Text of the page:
we 'got it' in the Golden Age of film with Duke Ellington and Louis Armstrong and even in more modern times with Harry Connick Jr. and Reuben Blades, but what's happened since then? We need to put jazz, as August Wilson said, 'right in the people's lap'."
New York, NY (PRWEB) October 17, 2016
Jazz is dead. Jazz lives--within academia. No matter what your vantage point, a movement comprised of jazz musician-actors, writers, directors, composers and fans, all assembled under the roof of "Jazz Cinema" has been born in 2016 in Harlem with a mission of pulling jazz back into pop culture.
The New York Jazz Film Festival (NYJFF), created as an annual festival that is free to the public, will take place on November 12 and 13, 2016 at the famed Adam Clayton Powell Jr. State Office Building on 125th Street; the Festival is the first of a three-pronged project establishing Harlem as the Mecca for this movement, says Executive Producer Sue Veres Royal.
Created by jazz trombonist Gregory Charles Royal, who as artistic director of American Youth Symphony has worked to transition jazz performers into actors in mediums such as theatre, TV and film, comments on the festival:
"Although music never dies, the industry framework in which jazz music existed has been dead for a long time. The instrumental musician, the jazz musician, unlike say the hip hop performer, never transitioned from the nightclub to those 21st century vessels of communication: dramatic and reality TV, film and theatre. Music videos and audio recordings are simply not sufficient for a variety of reasons. My duh moment though is that we 'got it' in the Golden Age of film with Duke Ellington and Louis Armstrong and even in more modern times with Harry Connick Jr. and Reuben Blades, but what's happened since then? We need to put jazz, as August Wilson said, 'right in the people's lap'."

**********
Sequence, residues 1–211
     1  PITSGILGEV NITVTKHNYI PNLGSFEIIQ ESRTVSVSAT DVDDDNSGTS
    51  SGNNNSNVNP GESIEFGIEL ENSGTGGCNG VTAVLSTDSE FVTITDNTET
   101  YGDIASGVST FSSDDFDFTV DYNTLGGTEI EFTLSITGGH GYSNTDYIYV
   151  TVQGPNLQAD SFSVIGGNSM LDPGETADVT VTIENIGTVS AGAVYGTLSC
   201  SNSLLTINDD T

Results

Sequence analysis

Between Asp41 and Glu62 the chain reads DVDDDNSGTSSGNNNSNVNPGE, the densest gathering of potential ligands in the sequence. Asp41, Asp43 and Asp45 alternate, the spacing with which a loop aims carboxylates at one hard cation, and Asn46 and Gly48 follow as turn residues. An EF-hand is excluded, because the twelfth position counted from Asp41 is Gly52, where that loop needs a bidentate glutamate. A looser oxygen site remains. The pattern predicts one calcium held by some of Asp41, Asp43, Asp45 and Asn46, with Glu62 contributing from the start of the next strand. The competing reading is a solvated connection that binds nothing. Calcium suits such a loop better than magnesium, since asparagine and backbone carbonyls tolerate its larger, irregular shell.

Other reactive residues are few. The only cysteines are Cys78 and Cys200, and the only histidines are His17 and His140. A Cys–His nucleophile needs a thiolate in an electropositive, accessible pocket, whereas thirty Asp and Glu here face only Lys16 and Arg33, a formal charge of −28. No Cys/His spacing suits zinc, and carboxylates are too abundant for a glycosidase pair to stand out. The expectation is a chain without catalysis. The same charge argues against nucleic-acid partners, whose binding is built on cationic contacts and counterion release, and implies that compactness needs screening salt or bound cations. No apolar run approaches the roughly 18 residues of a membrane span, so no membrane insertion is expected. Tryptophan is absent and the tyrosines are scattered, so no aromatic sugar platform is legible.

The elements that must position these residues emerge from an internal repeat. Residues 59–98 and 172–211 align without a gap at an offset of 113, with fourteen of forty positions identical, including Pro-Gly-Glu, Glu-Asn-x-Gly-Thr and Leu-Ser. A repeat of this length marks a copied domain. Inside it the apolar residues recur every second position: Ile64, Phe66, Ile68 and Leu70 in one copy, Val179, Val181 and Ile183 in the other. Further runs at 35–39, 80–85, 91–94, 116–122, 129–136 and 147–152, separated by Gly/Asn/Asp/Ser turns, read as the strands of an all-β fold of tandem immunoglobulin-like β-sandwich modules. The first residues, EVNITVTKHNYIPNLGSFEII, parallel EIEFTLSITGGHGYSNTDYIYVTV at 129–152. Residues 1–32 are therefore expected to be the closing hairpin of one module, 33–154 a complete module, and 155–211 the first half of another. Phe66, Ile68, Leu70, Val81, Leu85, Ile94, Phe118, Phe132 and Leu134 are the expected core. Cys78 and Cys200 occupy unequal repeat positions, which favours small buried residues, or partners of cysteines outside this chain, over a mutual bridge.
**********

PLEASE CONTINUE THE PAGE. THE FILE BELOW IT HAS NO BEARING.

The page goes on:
The 2016 NYJFF lineup will screen a handful of films that showcase some up- and-coming jazz-acting talents including "Kojo" featuring jazz drummer prodigy Kojo Roney (nephew of Grammy Award winning trumpet legend Wallace Roney);"Thrive" featuring blind piano prodigy Matthew Whitaker (who is also the subject of the new docu-series "Young Marvels" on the Ovation Network); and Duke Ellington Orchestra and Broadway alum Gregory Charles Royal's "World's Not for Me", which won the Harlem Spotlight Award for Best Narrative Short at the 2016 Harlem International Film Festival and whose musical score was performed by him in 1978 when he was just 17 years old as a trombonist with Art Blakey and the Jazz Messengers. Another standout of this year's festival in narrative fiction featuring a jazz musician-actor "Lunches with Mel" starring virtuoso violinist Aaron Weinstein.
In its first year, the Festival received approximately 400 international jazz submissions in the categories of Features, Shorts, Music Videos and Out of Competition. Forty-four films have been selected for screening.
The two other components of the jazz movement in Harlem will include regular street jazz on 125th Street throughout the year and a 125th Street livestream hangout staffed by hosts who will interview jazz musicians in public view year round. The 2017 NYJFF will transition into a larger outdoor festival and will be moved to the month of September.
The festival is produced by SVR & Associates and American Youth Symphony.